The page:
The works of Charles Ray consistently sit at the intersections of the commercial, the human and the industrial, exploring our increasingly intertwined relationships with the imagery and machinery through which we engage with the world every day. Matthew Marks Gallery is currently showing three new works by renowned American sculptor Charles Ray, continuing the artist’s ongoing explorations of the human body and its interactions with the contemporary industrial world.
A Los Angeles native, Charles Ray is often cited as a major contributor a development of sculpture in the last 20 years. His post-Conceptual realism combines a meticulous and measured placement of each element, exploring both the essence of his materials and the interactions inherent in their presentation. Recalling Serra’s curved forms that relate to their surroundings, the classical forms also speak to a coming of age and an uncertainty.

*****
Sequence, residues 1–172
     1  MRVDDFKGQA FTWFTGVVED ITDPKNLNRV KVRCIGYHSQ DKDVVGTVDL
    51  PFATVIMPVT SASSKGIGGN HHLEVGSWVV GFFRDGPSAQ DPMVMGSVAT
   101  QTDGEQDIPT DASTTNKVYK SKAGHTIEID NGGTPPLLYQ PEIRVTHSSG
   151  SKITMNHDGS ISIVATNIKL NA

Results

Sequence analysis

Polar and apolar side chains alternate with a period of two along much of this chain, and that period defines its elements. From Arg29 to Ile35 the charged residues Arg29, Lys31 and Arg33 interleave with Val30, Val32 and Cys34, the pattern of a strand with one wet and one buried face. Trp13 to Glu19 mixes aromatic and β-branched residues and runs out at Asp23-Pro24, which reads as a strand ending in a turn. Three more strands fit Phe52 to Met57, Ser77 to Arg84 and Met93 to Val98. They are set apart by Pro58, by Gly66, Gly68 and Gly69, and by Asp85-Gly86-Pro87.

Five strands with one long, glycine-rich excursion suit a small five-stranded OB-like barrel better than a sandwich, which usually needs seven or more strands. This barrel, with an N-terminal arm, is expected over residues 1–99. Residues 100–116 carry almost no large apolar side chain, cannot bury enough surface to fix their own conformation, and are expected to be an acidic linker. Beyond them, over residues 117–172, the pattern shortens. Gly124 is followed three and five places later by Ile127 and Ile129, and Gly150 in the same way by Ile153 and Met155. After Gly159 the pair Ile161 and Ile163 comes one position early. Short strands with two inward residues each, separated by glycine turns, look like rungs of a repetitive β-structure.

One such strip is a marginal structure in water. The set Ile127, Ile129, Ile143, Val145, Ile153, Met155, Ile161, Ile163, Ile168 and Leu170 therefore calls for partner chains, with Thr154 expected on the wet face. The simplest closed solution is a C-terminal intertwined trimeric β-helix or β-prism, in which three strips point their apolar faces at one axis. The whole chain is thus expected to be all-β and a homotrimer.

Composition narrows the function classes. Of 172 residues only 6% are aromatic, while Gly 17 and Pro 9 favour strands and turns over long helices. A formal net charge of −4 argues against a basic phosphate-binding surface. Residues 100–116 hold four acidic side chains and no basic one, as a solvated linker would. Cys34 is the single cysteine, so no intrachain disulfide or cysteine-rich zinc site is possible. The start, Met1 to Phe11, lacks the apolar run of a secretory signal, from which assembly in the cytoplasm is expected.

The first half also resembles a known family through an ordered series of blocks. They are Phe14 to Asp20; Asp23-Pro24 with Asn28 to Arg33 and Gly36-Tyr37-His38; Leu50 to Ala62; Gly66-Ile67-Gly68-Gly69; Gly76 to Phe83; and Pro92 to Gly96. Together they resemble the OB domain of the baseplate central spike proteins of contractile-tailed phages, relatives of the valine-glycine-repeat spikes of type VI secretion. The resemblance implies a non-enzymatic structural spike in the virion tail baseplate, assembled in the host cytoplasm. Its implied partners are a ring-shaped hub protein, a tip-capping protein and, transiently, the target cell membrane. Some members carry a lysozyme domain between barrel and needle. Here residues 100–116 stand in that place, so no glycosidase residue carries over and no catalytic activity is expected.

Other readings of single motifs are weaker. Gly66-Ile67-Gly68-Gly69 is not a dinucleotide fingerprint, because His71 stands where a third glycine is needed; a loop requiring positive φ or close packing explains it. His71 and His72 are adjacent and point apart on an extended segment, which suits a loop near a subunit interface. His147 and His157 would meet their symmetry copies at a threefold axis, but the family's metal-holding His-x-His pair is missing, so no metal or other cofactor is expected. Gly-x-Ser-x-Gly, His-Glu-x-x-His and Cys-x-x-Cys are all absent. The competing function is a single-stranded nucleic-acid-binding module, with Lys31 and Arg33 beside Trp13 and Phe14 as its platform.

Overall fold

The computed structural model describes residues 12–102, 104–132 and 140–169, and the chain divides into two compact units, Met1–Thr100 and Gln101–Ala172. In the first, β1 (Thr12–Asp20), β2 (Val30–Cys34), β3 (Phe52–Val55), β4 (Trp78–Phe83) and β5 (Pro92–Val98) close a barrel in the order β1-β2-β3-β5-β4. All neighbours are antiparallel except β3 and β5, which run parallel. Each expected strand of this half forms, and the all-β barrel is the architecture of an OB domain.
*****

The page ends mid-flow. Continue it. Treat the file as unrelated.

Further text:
Combining references to classic Greek sculpture with industrial processes and contemporary imagery, Ray has created three human figures from machined stainless steel: a nude figure, a homeless woman sleeping on a bench, and a self-portrait of the artist, nude, bent down to tie an unseen shoelace. Each piece weighs well over 1,000 pounds, with Sleeping Woman tipping in at 6,000 lbs alone.
Taking these contemporary human forms and bending them through a highly industrial process, Ray underlines our changing engagement with the art object and the human form.